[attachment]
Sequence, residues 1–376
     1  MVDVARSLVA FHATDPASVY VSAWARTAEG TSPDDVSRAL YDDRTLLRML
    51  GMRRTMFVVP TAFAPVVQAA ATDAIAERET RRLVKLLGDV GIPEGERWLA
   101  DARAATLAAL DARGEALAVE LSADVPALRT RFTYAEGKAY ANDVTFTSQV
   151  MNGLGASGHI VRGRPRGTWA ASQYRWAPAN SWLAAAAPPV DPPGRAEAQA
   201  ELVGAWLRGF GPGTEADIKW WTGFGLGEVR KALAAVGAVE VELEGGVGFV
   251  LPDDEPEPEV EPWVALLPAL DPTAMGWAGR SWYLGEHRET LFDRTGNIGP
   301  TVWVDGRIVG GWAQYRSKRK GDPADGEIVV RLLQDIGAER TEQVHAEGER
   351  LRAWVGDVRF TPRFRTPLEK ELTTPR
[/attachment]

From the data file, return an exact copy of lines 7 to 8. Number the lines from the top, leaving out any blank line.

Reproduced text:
   251  LPDDEPEPEV EPWVALLPAL DPTAMGWAGR SWYLGEHRET LFDRTGNIGP
   301  TVWVDGRIVG GWAQYRSKRK GDPADGEIVV RLLQDIGAER TEQVHAEGER